For me, the ability to control depth of field–the area that’s in focus–has been essential. It’s a major tool in my toolbox when I go about isolating a subject in the frame. Some of the other tools include negative space, color, and contrast, both visual and thematic. Depth of field is my favorite though. That’s why I’ve invested in lenses that give me the widest possible range of aperture to work with, and spent a lot of time learning how to control it. The latest toy is this Hartblei 65mm f3.5 Super-Rotator that I’ve talked about a lot lately. I bought it because I knew that I could use it to create very unusual depth of field effects, but when it finally arrived from the Czech Republic, I had no idea how it worked.

Before I start using a new tool on clients, I normally do some experimentation to get a handle on its operation. Usually, this involves taking pictures of inanimate objects and doing self-portraits before actually showing anyone the results.

The photo above is one of those experiments that I did with the Hartblei. It took a lot of fiddling under pressure, because this kid was biking around like a maniac, and I really wanted to capture him in front of the car before he gave up the game and went to do something else. With the Hartblei’s nearly infinite combination of tilts, shifts and rotations, it did take a few tries to get this effect predictably. Fortunately, on the kid’s last pass, I got the shot. The area in focus is thrown diagonally from the foreground to the background, with other areas rendered in a very pleasant bokeh, which is just a fancy way of saying “out of focus.”

Getting this shot of the Flatiron Building in Manhattan was a little easier, because I had all the time in the world to mess around with the lens to get the right areas in focus.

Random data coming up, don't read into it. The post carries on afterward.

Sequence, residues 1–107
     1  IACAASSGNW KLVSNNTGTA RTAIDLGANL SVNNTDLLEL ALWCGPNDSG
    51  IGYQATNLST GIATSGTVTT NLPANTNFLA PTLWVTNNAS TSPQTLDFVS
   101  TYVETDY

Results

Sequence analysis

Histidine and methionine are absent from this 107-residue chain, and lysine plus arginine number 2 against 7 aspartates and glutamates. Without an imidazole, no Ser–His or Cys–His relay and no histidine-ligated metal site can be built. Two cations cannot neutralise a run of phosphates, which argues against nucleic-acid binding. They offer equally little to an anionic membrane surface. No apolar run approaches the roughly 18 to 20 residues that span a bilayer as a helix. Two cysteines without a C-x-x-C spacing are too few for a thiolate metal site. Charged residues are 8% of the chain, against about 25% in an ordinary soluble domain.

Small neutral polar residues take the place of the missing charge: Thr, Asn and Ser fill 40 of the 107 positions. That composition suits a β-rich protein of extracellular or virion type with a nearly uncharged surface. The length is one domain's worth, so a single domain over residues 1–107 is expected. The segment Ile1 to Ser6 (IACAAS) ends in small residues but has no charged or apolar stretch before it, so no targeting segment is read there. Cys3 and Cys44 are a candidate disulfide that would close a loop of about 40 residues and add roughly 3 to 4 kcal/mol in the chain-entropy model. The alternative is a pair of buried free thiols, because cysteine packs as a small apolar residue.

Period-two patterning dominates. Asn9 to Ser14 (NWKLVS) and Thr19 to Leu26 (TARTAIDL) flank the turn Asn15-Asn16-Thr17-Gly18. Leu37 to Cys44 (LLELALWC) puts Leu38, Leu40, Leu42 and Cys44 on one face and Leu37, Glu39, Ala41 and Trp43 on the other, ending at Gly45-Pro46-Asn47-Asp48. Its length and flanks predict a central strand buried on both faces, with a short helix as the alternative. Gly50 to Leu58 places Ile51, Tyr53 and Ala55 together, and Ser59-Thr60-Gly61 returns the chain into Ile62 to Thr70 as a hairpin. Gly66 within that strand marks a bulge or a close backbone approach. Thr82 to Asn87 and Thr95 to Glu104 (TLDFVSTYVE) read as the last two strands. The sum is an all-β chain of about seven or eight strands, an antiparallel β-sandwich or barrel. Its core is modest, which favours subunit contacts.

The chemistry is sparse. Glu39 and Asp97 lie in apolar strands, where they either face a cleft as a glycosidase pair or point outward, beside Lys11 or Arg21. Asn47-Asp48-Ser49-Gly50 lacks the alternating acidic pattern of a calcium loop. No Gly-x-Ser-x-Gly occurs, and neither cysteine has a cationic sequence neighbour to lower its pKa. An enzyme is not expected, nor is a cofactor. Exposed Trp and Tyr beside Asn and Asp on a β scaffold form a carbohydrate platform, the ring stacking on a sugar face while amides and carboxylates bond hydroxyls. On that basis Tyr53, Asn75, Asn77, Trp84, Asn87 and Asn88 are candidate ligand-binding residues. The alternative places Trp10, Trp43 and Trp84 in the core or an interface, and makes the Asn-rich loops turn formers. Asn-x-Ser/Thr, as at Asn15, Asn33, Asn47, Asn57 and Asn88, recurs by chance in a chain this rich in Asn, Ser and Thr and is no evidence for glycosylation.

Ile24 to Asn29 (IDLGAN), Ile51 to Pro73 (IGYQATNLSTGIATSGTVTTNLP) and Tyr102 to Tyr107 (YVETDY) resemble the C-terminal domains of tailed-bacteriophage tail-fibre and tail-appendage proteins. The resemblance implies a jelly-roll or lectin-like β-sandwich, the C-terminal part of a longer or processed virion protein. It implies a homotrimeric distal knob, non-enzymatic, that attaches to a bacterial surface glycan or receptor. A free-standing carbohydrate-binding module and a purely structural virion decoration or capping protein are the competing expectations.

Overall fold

After a great deal of experimentation and failed attempts, I finally felt ready to use this lens with a client, in the studio. The client is a musician, who is releasing an album in the next month or two. We needed to shoot some portraits to use in the CD liner notes. My goal with this particular shoot was to get a kind of low-contrast feel which I felt matched the melancholy mood of his music, as well as the cover art for the CD. I envisioned everything being a sort of monotone beige, with the clarity of his eyes being the most outstanding features of the image. The eyes would already be isolated because of color, but isolating them further with focus and shallow depth of field really adds a lot to the laid-back mood, I think.

It was pretty easy to accomplish this with the 50mm f1.2 lens when he was more or less face-front to the camera. The area of focus is at a constant distance from the back of the camera, producing a very traditional shallow depth of field effect.

However, he had a great profile, and I wanted to be able to shoot this angle without losing the focus that fell mainly on the eyes and not elsewhere. This is where the Hartblei really came in handy.

By bending the lens so that it threw the area of focus across the front of his face, even though I was facing the side of his face, I was able to keep his eyes isolated in focus, while the rest of him softly blended away.

I remember sitting with a friend years ago, marveling at a book of Karsh’s portraiture, admiring his masterful control of depth of field. At that time, I wondered how he achieved this effect. Now I know it’s because he was using a massive 8×10 view camera with bellows that allowed him to similarly throw focus onto whichever plane he wished. Those cameras were cumbersome and difficult to adjust. These days, with small SLR cameras, it’s possible to get similar results, but in a more spontaneous and casual fashion. I’m looking forward to using this new trick more often in the future.